Reader Friday: Health Insurance and the Self-Employed Writer

Many in the thriller writing community are aware that writer Tom Piccirilli is battling brain cancer. Surgery to remove a tennis ball-sized tumor was successful, and now a long recovery and ongoing fight are in store. So are medical costs. Which brings up the issue of health insurance for the self-employed writer. Thanks to frequent commenter Terri Lynn Coop for suggesting this as a Reader Friday topic. Let’s start a discussion on strategies for writers who must find their own health insurance coverage. 

[NOTE: This is not a political forum, so let’s keep partisan politics out of it. This is about what to do right now with options currently available.]

Meanwhile, if you’d like to help Tom out, here are some options

13 thoughts on “Reader Friday: Health Insurance and the Self-Employed Writer

  1. That’s a tough one. For a lot of fledgling writers such as myself, giving up the salary of the “day job” isn’t as daunting as giving up the insurance.

    I’ll contribute to the Indiegogo fund, and my thoughts are with Tom and his family.

  2. I lost my United Health Care policy when my husband went on Medicare (won’t bother with the makes me angry) and had to scramble to get new insurance as self-employed writer. Tried Author’s Guild but man, its expensive. In near panic, found an insurance agent who specializes in this and he got me decent policy with Aetna but I am paying dearly. I wish I had some good advice here but my experience was scary and negative. I’m trying to hang on for Medicare to kick in.

  3. This is not a happy subject for most self-employed writers. You either try for coverage under a spouse’s policy (expensive), buy private insurance (very expensive), or go without. And like Kris says, if you’re old enough, Medicare eventually kicks in. Another reason to hang on to your day job as long as you can. Once you’re on your own, one extended medical crisis can crush you.

    Thanks, Jim, for mentioning Tom and his battle with cancer. He’s not only a great writer, he’s a really nice guy. So everyone, give what you can.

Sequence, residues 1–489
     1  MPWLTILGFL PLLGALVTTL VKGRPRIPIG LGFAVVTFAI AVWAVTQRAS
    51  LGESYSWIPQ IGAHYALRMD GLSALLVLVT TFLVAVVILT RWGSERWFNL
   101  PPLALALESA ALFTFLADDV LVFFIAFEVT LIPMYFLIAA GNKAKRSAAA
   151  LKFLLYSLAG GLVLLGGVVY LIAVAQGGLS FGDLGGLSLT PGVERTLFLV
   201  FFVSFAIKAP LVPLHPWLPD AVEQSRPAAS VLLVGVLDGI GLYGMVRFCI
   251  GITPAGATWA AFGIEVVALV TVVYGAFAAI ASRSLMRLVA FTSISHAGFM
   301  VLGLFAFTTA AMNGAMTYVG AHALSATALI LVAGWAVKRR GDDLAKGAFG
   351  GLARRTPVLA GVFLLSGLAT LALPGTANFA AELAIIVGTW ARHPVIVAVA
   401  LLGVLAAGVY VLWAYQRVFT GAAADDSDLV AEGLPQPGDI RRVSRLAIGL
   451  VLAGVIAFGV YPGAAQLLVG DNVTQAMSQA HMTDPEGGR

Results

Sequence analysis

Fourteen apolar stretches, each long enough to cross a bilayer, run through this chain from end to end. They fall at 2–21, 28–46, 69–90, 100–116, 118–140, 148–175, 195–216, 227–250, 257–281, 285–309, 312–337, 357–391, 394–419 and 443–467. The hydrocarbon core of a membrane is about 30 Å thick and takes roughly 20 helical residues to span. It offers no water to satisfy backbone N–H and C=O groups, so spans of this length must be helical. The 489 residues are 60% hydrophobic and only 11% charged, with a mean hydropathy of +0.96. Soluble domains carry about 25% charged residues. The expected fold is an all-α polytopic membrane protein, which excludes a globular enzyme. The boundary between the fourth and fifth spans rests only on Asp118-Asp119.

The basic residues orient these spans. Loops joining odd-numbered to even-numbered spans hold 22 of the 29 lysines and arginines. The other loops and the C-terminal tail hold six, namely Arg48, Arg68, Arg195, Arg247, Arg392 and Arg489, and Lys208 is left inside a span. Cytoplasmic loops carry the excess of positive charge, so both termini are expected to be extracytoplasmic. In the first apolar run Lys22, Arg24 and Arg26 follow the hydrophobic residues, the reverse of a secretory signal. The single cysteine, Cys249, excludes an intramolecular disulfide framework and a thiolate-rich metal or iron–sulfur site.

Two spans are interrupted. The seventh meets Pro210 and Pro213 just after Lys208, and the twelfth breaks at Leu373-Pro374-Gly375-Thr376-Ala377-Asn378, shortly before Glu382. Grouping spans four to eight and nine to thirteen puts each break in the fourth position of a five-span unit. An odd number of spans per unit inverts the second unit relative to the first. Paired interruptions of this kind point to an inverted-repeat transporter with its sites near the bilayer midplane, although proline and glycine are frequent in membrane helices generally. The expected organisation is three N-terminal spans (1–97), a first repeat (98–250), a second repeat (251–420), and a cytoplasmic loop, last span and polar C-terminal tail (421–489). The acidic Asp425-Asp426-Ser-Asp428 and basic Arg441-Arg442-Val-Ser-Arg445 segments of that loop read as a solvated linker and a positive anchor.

4. The only ‘best’ option for a writer, sadly, is to have a spouse who has health insurance. Individual policies are available, but the cost is prohibitive. Unless you work for a large company, health insurance costs a fortune, and the insurers deny everything they can get away with. I recently got an estimate for a routine test, and the estimate was $16,000.00! My portion was going to be ~$4,000, although not all of that out of pocket. I cancelled the test. And this was with relatively ‘good’ insurance with Anthem-Blue Cross. Plus we just got a letter stating that they’re removing UCLA from their list of covered hospitals. UCLA is where my doctors are; so I’ll be switching insurance carriers next year. We can do this because my husband owns his own company–but if you work for someone else, you’re stuck with the carrier they choose.

    At least now they can’t reject you for having a pre-existing condition, although that may not last.

  5. This is a topic that brings out my inner safety engineer. This is about risk-management. In my overly-ordered view of the world, writing careers, like pretty buildings, have to be built upon strong foundations. I cringe every time I hear about people who walk away from a bill-paying career to pursue a full-time writing without a backstop.

    It’s sad but true that a million-dollar book deal at age 35 is not enough (in my view) to justify the risk of full-time writing. In any creative field, you never know if the next project will sell. Health insurance alone will run a family of four something on the order of $15,000 per year. In my view, that’s not optional money. It’s a need-to-pay.

    Do the math: On $1 million, $150,000 comes off the top for your agent. Of the remaining $850K, easily $300K will go to federal, state and local taxes. That leaves $550,000. Over the next thirty years till Medicare, $450,000 will go to healthcare insurance alone. The real cash value of that $1 million advance, then, is about $100,000. Granted, this is a worst-case, static analysis, but bear with me.

    By contrast, if that $850,000 is invested, assuming a moderate average return of 5%, that money will convert to $2.25 million over twenty years–in my mind, still not enough to sustain me and my family for a forty-year retirement, but it’s getting close. Meanwhile, the dreaded day job has paid the bills and provided for other essentials (like health insurance, 401K contributions, additional life experiences, etc.). Speaking of the 401K, a $10,000 annual contribution over 20 years with a 5% return will deliver another $374,000 at age 55, bringing the cash value of patience to $2.6 million.

    The fact of the matter is that million-dollar advances are rare, and million-dollar earnings from writing are rarer. Ensconced as I am in my Big Boy job, all of the proceeds of my writing go straight to the retirement fund. I work fourteen, fifteen hours a day at two full-time jobs, enduring the exhaustion and frustration in anticipation of a financially stress-free retirement, which will in fact be a reduction down to a single full-time job.